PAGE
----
Lest we forget that before becoming the iconic Remembrance, or Flanders, flower, the common poppy was that exuberantly fertile wildflower of our cornfields and a sighting of flame red rivers running through golden corn never failed to thrill – except for farmers, who through extensive use of herbicides all but managed to eradicate them. At the boundary edges of the mono-cropped fields of rapeseed, I discovered these:-

Pollen beetles or Meligethes aeneus love rapeseed oil flowers and since these have now gone to seed, they tiny insects were making the most of dark poppy pollen. And I’ve only recently learned that poppies do not produce nectar, just quantities of protein-rich pollen. 

Poppies open at dawn, and before they do, their anthers start to release pollen. By the following day, fully fertilised and depleted of pollen, the flower loses its petals…beetles, bees and bumblebees take advantage of the pollen bonanza offered by these short-lived flowers.”*

Thus it is not just for our eye-candy delights that poppies need to be left to flower – as all these pollinators in this one little patch of poppies verify.

Fortunately the poppy can survive following a dormancy of over 80 years and readily re-emerges on disturbed ground, such as building sites and road verges.

Moreover farmers are now getting paid to let fields lie fallow and hence the re-emergence of these fleetingly fragile flowers.

The wild corn poppy takes its species name ‘rhoeas’ from the Greek for red, while in the French vernacular, it was called ‘coquelicot’ and that name has come to perfectly define the bright red, orange tinted hue.

My iPhone 6 could not quite do the flowers justice so I shall leave Mary Oliver to have the final words of praise for ‘Poppies’:

The poppies send up their
orange flares; swaying
in the wind, their congregations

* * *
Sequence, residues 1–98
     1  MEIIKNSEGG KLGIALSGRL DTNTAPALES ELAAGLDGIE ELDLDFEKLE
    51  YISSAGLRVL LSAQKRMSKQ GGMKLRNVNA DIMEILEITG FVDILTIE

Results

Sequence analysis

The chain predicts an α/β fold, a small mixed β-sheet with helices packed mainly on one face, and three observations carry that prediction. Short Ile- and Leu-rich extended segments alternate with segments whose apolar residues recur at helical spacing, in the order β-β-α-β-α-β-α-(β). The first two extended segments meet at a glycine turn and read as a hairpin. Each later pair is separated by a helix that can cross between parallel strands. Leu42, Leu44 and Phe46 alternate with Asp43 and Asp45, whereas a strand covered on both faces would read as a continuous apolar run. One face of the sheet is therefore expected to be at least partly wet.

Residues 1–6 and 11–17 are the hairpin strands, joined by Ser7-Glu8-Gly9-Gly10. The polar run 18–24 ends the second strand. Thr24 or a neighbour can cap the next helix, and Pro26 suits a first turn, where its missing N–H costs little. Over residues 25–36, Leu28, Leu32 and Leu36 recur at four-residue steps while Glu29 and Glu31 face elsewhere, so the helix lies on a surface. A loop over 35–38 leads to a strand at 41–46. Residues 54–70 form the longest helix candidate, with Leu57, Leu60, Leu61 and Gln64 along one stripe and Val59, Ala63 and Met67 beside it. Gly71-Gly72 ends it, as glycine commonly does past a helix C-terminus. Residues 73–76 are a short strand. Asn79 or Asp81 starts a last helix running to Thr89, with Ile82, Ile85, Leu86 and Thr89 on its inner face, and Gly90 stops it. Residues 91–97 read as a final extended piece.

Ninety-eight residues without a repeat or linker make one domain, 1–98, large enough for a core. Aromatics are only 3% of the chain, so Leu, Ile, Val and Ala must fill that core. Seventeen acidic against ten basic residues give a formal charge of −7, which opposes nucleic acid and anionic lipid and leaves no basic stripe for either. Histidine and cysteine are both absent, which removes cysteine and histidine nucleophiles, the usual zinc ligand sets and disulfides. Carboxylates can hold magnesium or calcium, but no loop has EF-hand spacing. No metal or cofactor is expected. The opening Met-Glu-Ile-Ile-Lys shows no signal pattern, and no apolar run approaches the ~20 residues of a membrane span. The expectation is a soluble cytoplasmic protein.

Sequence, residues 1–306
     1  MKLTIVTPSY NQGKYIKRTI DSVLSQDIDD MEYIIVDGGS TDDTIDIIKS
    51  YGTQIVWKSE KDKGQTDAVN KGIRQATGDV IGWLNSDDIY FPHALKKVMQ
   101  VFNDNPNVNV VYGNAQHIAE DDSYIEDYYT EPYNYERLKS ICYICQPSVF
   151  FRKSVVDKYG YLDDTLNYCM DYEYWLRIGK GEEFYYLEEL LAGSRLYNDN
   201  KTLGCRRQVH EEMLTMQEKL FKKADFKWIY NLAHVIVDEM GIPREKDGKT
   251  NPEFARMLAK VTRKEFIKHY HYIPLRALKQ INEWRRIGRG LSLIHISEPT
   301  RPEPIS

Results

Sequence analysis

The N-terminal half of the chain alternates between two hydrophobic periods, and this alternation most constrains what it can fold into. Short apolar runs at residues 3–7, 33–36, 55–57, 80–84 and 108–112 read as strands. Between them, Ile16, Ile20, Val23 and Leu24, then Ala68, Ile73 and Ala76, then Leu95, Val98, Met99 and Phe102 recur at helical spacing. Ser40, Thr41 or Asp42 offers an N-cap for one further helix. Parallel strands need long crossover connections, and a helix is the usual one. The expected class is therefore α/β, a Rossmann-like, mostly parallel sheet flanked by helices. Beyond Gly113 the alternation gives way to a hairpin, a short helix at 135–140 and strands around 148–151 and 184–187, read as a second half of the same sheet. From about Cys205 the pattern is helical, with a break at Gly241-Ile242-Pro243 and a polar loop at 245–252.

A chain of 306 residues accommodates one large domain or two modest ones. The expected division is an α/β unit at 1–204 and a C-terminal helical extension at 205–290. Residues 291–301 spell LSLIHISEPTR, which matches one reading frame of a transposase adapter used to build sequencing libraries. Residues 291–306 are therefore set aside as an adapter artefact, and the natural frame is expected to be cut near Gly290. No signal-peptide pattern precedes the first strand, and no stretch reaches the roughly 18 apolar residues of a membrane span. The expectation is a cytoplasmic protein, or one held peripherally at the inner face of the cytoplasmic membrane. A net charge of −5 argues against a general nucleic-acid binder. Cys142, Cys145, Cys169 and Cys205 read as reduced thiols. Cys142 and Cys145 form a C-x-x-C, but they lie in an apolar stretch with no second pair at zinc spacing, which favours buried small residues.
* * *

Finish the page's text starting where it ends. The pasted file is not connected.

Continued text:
are a levitation

of bright dust, of thin
and lacy leaves…
…of course
loss is the great lesson.

But I also say this: that light
is an invitation
to happiness,
and that happiness,

when it’s done right,
is a kind of holiness,

A Friday Flowers post – something for the weekend!

Quotes from bugBlog: "Buzzing bees in poppies"
Further reading
Kew Science: Papaver rhoeas

Breathless with adoration

It is a beauteous evening, calm and free,
The holy time is quiet as a Nun
Breathless with adoration; the broad sun
Is sinking down in its tranquility;
~ William Wordsworth

[One for the summer solstice though this is the end of May and almost the last time the sun shone here!]

Sunday Sayings – A pick from the poets, writers or scriptures

For T. E. Hulme


Troop train boarding
steam, smoke and blur of faces
the cavernous crowd left waving
down the line, drowned
in English rain.

The Channel port a soldierly swell
monochrome and uniform
on the gangplank you glimpsed
an underworld, shed youth
and crossed yourself
across the Rubicon
to France

A cold soldier

Warm yourself with words
flame, enemy, seeing red
hot-blooded orders — but stars
look down in an ice cold stare
the greatcoat worn from wear
a ready-made shroud or nesting
for rats, neutral and grey as ashes.

Gunfire crackle, wood catching light
tracer arcs, sparklers, smoke from the bonfire
gas thick as a blanket
kept some warm

Last Quarter

Even here seasons spread
an influence, a hint
of something natural still
beneath embattled landscapes
snow, grass, poppy, leaf,
remembering Endon birthdays
and ruddy wonderment of moon
a hedge, pale childish faces

Where the shell hole puddles
a grimacing lunatic, profiled
behind drawn curtains
of cloud

September 28th 1917

Brevity of language
swift years for living
bullet, wound, tears
all – that – was, the inner
seeping out, earthbound
miasma a rose offering
to heaven. And your poetry
archived in the circle.

Fate decreed it briefer still
the Imagist’s full reverie, unhearing
that smashing shell to smithereens

A Belgian cemetery, a bare-boned epitaph:
‘one of the war poets’

These verses reference some poems of T. E. Hulme - nominal father of Imagist poetry. Through them I've tried to capture the aesthetic of this movement, according to Frank's prompt: Imagism revisited